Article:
A witness who was camping told investigators about hearing an airplane circling overhead and then going toward the west, followed by about 15 seconds of silence, then seeing a flash followed by a second flash and a loud rumble.
The wreckage was moved to a facility in Pleasant Grove, California, for detailed examination. One thing they ruled out as a cause of the fire was the combustion heater in the airplane’s nose. A large wire bundle that ran through the center tunnel in the floor of the cockpit area had a section where the insulation was melted, discolored or missing.
At the NTSB’s Materials Laboratory in Washington, multiple pieces of wiring and hydraulic lines were examined. An electron microscope, electron dispersive spectroscopy and other techniques were used. The lab produced photographs showing wiring damage and melted metal in extreme close-up.
The evidence allowed the NTSB to pinpoint a wire that had chaffed on a hydraulic line to the point that its insulation was worn away and where electrical sparking occurred. The FAA, for one, advises against electrical wires and lines containing flammable fluids being allowed to come into contact and calls for a minimum of 1/2-inch clearance.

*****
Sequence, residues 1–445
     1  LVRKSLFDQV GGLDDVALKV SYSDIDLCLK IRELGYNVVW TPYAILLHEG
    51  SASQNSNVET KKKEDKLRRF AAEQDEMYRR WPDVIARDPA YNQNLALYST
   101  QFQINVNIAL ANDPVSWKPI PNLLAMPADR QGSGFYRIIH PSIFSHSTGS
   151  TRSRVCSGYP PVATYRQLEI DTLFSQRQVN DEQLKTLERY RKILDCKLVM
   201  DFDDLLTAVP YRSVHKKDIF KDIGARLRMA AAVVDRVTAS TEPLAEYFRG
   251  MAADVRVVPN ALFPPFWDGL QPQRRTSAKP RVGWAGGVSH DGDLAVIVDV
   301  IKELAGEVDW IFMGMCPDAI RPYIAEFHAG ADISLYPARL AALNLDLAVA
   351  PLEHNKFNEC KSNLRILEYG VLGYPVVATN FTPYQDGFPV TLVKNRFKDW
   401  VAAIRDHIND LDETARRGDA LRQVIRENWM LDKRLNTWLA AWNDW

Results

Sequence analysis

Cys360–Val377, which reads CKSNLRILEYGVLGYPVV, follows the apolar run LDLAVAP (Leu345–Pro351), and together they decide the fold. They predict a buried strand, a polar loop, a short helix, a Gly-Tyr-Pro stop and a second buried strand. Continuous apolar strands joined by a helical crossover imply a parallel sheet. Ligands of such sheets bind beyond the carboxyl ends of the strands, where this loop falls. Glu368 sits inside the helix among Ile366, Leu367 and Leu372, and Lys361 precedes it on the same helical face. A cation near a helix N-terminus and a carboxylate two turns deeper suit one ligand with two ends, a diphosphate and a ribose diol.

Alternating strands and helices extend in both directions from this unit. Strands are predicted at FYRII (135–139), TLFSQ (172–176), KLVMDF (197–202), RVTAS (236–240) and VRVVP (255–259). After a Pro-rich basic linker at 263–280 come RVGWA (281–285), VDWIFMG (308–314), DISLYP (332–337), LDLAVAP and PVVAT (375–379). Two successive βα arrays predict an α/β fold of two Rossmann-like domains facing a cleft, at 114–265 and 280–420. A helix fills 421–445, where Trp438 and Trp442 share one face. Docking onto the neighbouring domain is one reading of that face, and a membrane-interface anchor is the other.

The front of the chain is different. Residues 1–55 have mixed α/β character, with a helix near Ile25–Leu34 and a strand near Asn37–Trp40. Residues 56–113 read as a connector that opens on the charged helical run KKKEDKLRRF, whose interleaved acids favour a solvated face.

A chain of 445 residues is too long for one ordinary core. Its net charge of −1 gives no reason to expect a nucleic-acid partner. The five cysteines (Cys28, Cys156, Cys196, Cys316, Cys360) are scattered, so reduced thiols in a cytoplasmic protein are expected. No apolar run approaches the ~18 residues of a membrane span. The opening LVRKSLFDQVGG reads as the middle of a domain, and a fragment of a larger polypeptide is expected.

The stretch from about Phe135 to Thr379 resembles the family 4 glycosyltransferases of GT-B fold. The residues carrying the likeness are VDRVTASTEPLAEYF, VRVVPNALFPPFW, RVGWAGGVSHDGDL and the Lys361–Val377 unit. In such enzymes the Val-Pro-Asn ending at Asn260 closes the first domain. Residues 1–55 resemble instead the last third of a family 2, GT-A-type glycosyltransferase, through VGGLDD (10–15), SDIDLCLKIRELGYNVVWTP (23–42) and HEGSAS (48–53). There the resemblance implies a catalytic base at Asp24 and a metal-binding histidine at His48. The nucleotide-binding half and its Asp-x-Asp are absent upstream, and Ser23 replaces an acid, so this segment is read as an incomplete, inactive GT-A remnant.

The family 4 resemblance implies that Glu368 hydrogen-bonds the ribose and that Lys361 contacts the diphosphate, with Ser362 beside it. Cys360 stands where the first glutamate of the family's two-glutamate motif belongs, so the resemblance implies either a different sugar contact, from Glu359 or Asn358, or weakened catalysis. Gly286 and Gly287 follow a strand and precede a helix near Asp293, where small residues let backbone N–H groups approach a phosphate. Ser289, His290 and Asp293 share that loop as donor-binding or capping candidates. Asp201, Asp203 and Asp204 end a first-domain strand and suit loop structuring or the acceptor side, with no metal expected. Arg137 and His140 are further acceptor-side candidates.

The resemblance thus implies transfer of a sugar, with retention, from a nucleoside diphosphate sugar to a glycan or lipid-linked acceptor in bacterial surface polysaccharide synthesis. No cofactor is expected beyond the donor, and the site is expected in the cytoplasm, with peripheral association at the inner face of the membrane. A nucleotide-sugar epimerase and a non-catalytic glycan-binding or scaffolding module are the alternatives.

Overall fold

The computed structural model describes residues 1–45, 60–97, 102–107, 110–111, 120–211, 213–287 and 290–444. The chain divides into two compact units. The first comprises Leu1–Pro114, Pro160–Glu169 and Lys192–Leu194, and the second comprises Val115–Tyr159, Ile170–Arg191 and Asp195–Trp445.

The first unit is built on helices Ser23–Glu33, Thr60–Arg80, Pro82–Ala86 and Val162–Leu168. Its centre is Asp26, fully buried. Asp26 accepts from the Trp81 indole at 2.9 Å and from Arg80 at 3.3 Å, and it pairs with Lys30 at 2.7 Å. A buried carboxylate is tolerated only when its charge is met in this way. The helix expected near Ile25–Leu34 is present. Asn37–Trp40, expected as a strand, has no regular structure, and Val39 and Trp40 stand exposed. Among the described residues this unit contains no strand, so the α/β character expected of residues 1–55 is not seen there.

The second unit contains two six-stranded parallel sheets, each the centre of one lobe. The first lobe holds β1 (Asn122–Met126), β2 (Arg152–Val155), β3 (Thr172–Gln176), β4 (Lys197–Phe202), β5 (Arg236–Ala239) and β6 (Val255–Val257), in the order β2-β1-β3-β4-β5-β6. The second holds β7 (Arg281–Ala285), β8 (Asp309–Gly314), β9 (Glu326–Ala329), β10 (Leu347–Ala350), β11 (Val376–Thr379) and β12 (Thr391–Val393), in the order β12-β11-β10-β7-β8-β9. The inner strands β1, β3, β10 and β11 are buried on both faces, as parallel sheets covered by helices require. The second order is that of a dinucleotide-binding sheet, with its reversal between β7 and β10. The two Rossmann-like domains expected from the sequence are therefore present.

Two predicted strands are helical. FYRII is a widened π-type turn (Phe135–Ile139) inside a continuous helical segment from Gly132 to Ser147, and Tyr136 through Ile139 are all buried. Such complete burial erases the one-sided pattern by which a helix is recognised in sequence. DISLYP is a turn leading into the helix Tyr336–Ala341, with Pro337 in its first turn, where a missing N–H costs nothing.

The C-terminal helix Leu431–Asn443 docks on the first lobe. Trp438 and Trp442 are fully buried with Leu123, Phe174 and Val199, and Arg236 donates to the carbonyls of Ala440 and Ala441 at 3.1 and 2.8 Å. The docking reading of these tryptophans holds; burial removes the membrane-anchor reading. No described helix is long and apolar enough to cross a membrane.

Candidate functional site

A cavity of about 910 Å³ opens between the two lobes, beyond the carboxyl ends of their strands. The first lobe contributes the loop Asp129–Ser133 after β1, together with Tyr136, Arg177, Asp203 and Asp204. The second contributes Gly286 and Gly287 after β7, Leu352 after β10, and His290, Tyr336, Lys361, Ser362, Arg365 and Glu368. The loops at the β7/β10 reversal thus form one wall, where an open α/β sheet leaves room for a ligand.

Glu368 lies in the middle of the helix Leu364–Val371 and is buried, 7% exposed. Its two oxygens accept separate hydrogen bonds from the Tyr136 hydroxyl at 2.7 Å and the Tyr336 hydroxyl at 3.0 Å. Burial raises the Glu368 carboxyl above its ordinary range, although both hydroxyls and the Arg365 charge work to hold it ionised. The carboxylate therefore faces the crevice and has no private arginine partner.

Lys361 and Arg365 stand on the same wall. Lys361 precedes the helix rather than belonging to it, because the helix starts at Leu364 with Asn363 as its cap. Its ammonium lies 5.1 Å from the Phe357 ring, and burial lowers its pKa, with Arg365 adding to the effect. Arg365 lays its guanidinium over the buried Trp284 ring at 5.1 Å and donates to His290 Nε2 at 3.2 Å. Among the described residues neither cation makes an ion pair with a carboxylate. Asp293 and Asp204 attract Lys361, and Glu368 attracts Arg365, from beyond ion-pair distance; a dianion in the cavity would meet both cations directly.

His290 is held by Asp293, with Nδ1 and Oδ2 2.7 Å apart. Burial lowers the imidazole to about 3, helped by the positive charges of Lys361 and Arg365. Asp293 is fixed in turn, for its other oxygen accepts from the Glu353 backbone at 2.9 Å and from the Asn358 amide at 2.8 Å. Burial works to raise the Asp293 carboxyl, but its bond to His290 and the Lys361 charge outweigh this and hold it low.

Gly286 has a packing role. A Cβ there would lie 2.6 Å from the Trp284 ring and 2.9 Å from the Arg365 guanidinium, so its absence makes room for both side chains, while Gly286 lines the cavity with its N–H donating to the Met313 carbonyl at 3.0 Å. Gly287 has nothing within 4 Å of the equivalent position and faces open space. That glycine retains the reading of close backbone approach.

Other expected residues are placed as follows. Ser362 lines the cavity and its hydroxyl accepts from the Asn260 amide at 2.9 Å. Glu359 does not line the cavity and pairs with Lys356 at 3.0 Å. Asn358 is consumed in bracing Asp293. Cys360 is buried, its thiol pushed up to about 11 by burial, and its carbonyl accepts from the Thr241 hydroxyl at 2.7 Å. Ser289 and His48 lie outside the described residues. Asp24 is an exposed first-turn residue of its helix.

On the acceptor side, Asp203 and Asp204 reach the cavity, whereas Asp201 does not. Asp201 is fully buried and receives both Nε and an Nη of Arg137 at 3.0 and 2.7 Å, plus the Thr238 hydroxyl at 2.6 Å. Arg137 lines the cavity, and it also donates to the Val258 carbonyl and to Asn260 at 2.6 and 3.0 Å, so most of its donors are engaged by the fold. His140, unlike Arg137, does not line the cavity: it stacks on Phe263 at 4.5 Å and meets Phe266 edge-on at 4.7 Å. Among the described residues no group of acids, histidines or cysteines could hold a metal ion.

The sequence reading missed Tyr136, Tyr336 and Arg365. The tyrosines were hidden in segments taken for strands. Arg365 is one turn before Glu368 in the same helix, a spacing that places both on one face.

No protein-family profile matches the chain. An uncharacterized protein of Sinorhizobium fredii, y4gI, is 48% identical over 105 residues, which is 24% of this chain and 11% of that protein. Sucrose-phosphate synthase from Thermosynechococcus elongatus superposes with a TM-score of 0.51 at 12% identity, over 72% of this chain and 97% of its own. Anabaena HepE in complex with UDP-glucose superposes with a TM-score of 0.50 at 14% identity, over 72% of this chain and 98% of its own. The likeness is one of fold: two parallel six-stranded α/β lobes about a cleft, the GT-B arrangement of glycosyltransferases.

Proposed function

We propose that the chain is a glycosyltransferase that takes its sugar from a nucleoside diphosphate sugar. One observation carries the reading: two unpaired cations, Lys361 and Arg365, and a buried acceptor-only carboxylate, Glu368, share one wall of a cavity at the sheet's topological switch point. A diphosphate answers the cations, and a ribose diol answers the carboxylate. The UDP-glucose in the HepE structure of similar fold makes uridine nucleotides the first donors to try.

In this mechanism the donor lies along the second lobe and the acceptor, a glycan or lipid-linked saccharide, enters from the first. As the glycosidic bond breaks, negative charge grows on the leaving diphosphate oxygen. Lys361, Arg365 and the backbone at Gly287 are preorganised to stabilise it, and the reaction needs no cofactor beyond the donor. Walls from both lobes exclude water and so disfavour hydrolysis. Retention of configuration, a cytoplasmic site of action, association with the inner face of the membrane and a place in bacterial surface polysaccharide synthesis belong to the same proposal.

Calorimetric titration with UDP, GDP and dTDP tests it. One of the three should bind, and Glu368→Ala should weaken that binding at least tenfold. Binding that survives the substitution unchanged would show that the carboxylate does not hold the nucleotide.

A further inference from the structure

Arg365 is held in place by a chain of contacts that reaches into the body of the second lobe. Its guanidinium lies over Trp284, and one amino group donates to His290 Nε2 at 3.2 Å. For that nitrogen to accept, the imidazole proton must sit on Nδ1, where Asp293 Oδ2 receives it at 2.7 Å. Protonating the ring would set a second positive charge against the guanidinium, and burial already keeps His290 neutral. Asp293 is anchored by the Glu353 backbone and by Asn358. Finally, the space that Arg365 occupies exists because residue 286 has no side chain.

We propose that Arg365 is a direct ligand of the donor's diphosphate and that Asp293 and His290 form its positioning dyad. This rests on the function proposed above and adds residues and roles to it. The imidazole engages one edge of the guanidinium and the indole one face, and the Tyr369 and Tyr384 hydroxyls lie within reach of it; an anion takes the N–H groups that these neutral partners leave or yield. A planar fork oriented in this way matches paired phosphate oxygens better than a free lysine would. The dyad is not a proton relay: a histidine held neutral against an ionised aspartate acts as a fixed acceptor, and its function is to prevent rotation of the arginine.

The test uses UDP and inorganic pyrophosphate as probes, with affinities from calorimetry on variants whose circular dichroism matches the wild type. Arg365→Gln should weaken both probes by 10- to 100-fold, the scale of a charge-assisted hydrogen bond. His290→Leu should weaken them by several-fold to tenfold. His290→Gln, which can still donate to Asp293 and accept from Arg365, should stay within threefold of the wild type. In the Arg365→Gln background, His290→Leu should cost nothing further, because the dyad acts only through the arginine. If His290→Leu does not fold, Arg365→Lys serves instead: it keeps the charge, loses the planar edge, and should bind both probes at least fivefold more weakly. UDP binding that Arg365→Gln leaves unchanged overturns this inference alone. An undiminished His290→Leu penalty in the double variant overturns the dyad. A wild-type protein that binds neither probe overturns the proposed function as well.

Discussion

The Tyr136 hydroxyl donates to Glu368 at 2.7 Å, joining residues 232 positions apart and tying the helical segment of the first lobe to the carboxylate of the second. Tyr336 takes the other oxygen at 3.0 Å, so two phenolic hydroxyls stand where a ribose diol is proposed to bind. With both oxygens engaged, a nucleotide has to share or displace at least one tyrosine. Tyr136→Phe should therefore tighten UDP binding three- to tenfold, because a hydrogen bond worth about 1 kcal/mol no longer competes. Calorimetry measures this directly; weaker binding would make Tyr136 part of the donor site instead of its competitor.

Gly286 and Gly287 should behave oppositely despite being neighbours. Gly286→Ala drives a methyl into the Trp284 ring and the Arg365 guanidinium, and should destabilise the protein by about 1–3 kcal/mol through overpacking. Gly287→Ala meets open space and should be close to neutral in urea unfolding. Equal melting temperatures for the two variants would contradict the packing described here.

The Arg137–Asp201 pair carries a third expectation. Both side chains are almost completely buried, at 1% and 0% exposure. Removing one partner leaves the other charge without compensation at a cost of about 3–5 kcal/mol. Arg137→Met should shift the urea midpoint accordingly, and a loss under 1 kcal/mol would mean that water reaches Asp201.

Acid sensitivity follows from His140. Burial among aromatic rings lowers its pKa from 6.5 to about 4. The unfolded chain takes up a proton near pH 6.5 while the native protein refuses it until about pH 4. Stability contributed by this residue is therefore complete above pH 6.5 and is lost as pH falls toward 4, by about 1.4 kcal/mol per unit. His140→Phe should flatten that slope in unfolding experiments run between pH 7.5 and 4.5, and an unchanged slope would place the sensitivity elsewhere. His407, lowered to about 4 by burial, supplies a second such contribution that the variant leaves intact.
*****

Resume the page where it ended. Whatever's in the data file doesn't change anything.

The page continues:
While this accident did result in corrective actions and repetitive inspections being ordered for PA-31T airplanes, it also represents something of a opportunity the NTSB might use to renew its crusade for aging aircraft awareness throughout the entire fleet. And, it should be a reminder for us to tell our mechanics to pay particular attention to the security and condition of aging electrical wiring inside of the aging airplanes we fly.
Peter Katz is editor and publisher of NTSB Reporter, an independent monthly update on aircraft accident investigations and other news concerning the National Transportation Safety Board. To subscribe, visit ntsbreporter.us or write to: NTSB Reporter, Subscription Dept., P.O. Box 831, White Plains, NY 10602-0831.